Awarding HR’s best in Atlantic Canada

Irving Oil, xwave and Maritime Life take top honours

Greg Bambury, director of HR at Irving Oil, says his HR department can’t take all the credit for its award for innovation at June’s Atlantic Canada HR Awards.

“All we did was leverage some strengths that already existed in the organization,” he said.

Irving Oil has been developing positive relationships with its employees for 75 years. And as a result, Bambury believes most people work at the company not because they have to, but because they feel a bond with the organization.

Work has to be more than a transaction, it must be a relationship that creates mutual value, said Bambury. That is the underlying philosophy for the company’s Mutual Values Program (MVP) which won it the award.

Although the company built this culture, it was left to the HR group to define it, package it up and make it more explicit. Ultimately, this was an exercise in employee communication, said Bambury.

According to Irving Oil, productive workplace relationships are comprised of four key elements: learning and development, work environment, benefits and pay. By getting those four elements right and making sure employees understand everything they are getting from the company, employee satisfaction goes up and so too does their effort.

The Atlantic Canada HR Awards (ACHRA) are a joint effort of the Human Resource Association of New Brunswick and the Human Resource Association of Nova Scotia. The awards recognize achievement in HR management in four categories: innovation, strategic partnership, excellence in human resources and new HR leader.

While Bambury wants to share the credit for Irving’s award, Pierre Battah, chair of the judging panel, said Bambury is being modest. It is difficult to underestimate how important it is for employees to understand what a company is trying to do, he said.

“People complain, ‘We don’t have a vision,’ but if you talk to a bunch of people they actually realize there is a vision, but they aren’t able to articulate it because they cannot find the words for it.” The Irving Oil HR team helped those people find the words. “Clearly the stuff they were doing was well above and beyond the others in terms of this kind of foresight.”

The program was not created to solve any glaring employee satisfaction problem, rather to drive the employee satisfaction still higher, said Bambury. “We really wanted to educate (employees) on the fact that this is a different organization.”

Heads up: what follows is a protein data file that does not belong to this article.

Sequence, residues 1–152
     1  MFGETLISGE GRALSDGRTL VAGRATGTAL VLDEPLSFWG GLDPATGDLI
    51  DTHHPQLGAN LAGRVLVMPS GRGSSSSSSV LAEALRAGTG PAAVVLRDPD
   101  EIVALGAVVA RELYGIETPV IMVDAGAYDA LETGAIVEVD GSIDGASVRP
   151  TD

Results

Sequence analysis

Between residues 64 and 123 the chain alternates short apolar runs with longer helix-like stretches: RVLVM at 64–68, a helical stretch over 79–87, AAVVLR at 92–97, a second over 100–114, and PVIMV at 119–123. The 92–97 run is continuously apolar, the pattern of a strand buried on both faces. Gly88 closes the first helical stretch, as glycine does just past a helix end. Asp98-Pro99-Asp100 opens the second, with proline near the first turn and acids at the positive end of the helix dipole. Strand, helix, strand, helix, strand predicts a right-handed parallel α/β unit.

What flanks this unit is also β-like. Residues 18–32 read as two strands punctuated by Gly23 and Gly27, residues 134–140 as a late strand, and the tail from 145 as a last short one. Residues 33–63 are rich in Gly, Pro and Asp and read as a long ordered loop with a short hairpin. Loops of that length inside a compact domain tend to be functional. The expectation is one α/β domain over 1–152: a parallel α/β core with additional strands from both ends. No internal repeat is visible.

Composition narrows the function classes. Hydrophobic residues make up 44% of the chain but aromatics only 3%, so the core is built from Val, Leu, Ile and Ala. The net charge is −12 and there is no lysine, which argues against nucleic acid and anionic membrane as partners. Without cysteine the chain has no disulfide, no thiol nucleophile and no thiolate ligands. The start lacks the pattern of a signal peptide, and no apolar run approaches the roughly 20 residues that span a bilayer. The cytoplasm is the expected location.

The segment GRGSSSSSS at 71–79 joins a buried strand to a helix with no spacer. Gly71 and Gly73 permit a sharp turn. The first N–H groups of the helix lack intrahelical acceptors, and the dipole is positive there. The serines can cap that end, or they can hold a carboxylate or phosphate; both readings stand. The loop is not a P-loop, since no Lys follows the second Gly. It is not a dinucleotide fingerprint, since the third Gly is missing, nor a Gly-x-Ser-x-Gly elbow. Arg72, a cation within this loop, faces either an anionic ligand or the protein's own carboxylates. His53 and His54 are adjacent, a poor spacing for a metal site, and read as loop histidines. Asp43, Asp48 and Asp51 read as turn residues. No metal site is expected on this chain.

That said, the company reviewed its practices and policies to make sure employees were getting what they wanted from the organization.

For instance, the company increased its investment in leadership development. “We developed a whole program called Leadership For Results,” he said. The program taught leaders the importance of understanding employees well enough to know how to make the work environment meaningful and rewarding for each person.

It didn’t take long to see the impact of the MVP program, with a surprising improvement in employee satisfaction as the program was being rolled out. “We saw improvement over that period of time that the (survey) vendor thought was impossible,” he said.

The ACHRA award for new HR leader went to Cindy Goucher from IT services company, xwave. The honour for excellence in human resources was given to George Raine of Montana HR Services.

The HR team at Maritime Life took home the prize for strategic partnership for its “Embracing a Season of Change” change management program created to help employees adjust to a merger with Manulife.

It was a partnership in the truest sense of the word because HR worked so closely with the executive team, said Paula Whitman, a learning and development consultant in HR at Maritime. In fact, the request for the program came from the very top. “(CEO) Bill Black asked HR to come up with an approach to deal with the merger, to help employees cope.”

The challenge was to come up with a program that would help explain to employees the possible impact and to deal with the uncertainty of change.

The HR team partnered with Texas-based change management consulting company Pritchett LP. They were chosen because their practices and philosophy were similar to those of author and change management expert William Bridges, said Whitman.

Workshops included theory on how humans respond to change so that they could make better sense of how they were feeling. “We talked about different situations and about if you are feeling this way here are some things you can do.” Employees were given 10 steps to survive change, as well as a handbook and other resources for coping with stress, on the company intranet site. The program was not intended to help employees adjust to job loss because, at that time, it was still unclear what jobs would be lost. “We were just helping them stay positive and be productive through the whole transition,” she said.

Of the 2,800 employees at Maritime, roughly 2,100 people attended workshops. Of those, followup surveys indicated about 87 per cent were either satisfied or very satisfied.

“Just by being given the knowledge and understanding of change, and the reason why people feel a certain way, and to have supporting people around and an opportunity to share feelings, that is very empowering,” said Whitman.

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